Accountancy Jargon Buster

Whatever line of work you may be in, and whether you’re an independent contractor or running an SME, there’s one vital function of your business that you may find a little baffling – and that’s the accounts. It’s not an area that you can avoid, as it’s so essential – but it can be complex and full of jargon. At ICS, we pride ourselves on making it simpler and easier for you by providing expert, friendly services – and by explaining some of that jargon for you.

accounts and finance

Assets: There are two kinds of assets: fixed assets and current assets. Fixed assets are generally things like property and equipment, of long-term benefit to the company, whilst current assets covers cash and things that are likely to be converted to cash within a year, like stock.

Allowable Expenses: Expenses which are deductible from your turnover for tax purposes – such as telephone expenses, mileage for your travel and licenses for your business software – are eligible for tax relief. Where possible, receipts are needed to record such allowable expenses, with some exceptions.

Corporation Tax: This is the tax you pay on your company’s profits. The rate of corporation tax is set by the government and is currently 20%.

Creditor: Anybody who the company owes money to is a creditor. This often includes the company directors.

giving money

Debtor: Anybody who owes the company money is a debtor.

Double Entry Bookkeeping: This is the system of bookkeeping which underpins the accounts. For example, say you buy an item for your business – one ledger records the amount you spent on that item, and the other records the item itself as a new asset. Accurate double-entry bookkeeping ensures that the principles of accounting are followed, but doesn’t guarantee accuracy, which is achieved through regular reconciliations.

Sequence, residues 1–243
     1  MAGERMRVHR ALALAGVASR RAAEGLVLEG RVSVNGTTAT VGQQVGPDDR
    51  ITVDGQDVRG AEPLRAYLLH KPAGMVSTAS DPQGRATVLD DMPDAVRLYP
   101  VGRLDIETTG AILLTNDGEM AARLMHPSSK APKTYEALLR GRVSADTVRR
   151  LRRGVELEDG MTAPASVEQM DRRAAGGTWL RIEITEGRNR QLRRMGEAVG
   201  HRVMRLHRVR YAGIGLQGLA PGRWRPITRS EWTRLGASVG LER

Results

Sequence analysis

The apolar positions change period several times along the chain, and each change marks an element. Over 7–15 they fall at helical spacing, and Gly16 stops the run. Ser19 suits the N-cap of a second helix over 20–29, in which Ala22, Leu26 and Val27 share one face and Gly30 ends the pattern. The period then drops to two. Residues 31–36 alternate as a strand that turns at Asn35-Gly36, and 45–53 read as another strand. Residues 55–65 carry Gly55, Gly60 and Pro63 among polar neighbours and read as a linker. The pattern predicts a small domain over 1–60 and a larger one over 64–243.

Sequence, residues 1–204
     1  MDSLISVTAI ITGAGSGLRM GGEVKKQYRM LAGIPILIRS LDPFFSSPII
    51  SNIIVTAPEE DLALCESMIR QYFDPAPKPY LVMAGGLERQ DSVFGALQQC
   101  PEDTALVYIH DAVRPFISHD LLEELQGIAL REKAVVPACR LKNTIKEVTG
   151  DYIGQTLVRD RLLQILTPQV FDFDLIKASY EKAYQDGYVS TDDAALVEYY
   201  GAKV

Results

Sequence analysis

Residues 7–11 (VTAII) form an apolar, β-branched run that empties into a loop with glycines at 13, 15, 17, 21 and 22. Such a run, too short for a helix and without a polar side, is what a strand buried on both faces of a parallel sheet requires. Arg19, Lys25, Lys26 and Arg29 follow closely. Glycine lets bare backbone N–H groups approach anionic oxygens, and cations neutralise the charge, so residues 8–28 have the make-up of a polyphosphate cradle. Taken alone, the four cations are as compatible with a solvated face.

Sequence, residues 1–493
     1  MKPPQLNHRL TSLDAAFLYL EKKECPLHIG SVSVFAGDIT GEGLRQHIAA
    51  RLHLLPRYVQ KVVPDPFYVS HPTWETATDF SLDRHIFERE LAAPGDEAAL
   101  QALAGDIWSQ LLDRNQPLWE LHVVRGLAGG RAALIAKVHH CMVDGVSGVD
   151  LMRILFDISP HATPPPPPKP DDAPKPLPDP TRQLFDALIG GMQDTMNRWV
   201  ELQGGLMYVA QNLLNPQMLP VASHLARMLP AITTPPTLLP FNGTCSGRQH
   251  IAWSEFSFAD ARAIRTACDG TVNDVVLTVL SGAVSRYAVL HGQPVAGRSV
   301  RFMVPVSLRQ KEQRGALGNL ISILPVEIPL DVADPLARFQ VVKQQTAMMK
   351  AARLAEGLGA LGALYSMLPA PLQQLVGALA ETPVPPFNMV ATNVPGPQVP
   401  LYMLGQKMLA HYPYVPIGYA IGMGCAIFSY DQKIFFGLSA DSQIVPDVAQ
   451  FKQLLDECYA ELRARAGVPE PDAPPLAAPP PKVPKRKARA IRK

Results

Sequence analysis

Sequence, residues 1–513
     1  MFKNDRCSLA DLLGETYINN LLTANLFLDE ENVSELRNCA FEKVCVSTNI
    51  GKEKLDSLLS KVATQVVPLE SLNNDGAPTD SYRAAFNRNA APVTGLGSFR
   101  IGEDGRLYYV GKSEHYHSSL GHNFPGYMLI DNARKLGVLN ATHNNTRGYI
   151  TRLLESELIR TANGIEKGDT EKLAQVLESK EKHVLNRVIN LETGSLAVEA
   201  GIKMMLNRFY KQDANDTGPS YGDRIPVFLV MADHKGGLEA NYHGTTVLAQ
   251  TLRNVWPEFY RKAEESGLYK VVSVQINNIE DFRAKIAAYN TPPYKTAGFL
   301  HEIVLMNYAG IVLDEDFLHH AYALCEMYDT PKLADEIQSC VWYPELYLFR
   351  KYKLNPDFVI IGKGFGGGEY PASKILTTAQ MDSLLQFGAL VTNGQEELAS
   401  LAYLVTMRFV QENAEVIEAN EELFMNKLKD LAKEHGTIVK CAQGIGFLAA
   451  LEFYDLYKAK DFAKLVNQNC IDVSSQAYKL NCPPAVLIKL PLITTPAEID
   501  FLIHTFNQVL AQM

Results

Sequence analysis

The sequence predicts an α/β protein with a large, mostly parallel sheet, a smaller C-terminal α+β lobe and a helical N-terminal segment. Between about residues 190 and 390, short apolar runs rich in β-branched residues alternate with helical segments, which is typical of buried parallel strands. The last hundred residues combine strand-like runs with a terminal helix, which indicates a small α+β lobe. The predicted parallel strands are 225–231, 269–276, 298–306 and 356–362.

IR35: This is legislation designed to identify “disguised employment” – it can affect contractors if they are deemed to be working as if employed by their client, so it’s important to be clear on your status. The effect is that the benefits of operating through a limited company are reduced, primarily though a higher tax and national insurance bill.

Liabilities: Like assets, these are divided into long-term and current. Anything your company needs to pay within the current financial year, including overdraft fees, debts to suppliers and short term loans, is counted as a current liability. Anything to be paid over a longer period is a long-term liability.

Reconciliation: No, it’s nothing to do with making up after an argument; a reconciliation is an act that compares your business records to an asset or liability you have to make sure it all matches up. Regular reconciliations are very important as they help you manage your business and ensure the figures you use to make decisions are reliable.

A see through piggy bank

Dividends: After you’ve paid your salaries and any expenses, and put aside the money you need to pay your taxes, what’s left is the profit. From your profit, you can pay dividends – the money that’s left in the company which belongs to the shareholders.

Retained Profit: Any profits that are to be kept within the company rather than being paid out as dividends.

Director: Every limited company has to have at least one director – they are responsible in law for running the company, ensuring that all company accounts and reports are done properly and filed in a timely manner. Although they hold the legal responsibility for this, many delegate the preparation of these to their accountants.

Self-Assessment: Although this is a personal tax matter not a company one, it’s related; if you’re a director of a company or have certain types of income such as rental income or investment income, you will need to complete an annual self-assessment tax return. This return details all income earned, and if further tax is due, this is calculated.

These are, of course, just a handful of accountancy terms that you might encounter – there are many more! If you’re feeling baffled by your company accounts, or if you’re not sure where to even start, our friendly and helpful experts are standing by to help you. Here at ICS Accounting, we offer a range of services to self-employed contractors and SME businesses, ensuring that you can find the accountancy solution that’s right for you – and we promise to explain any jargon you don’t understand in clear terms. For more information, get in touch with us on 0800 195 3750 today.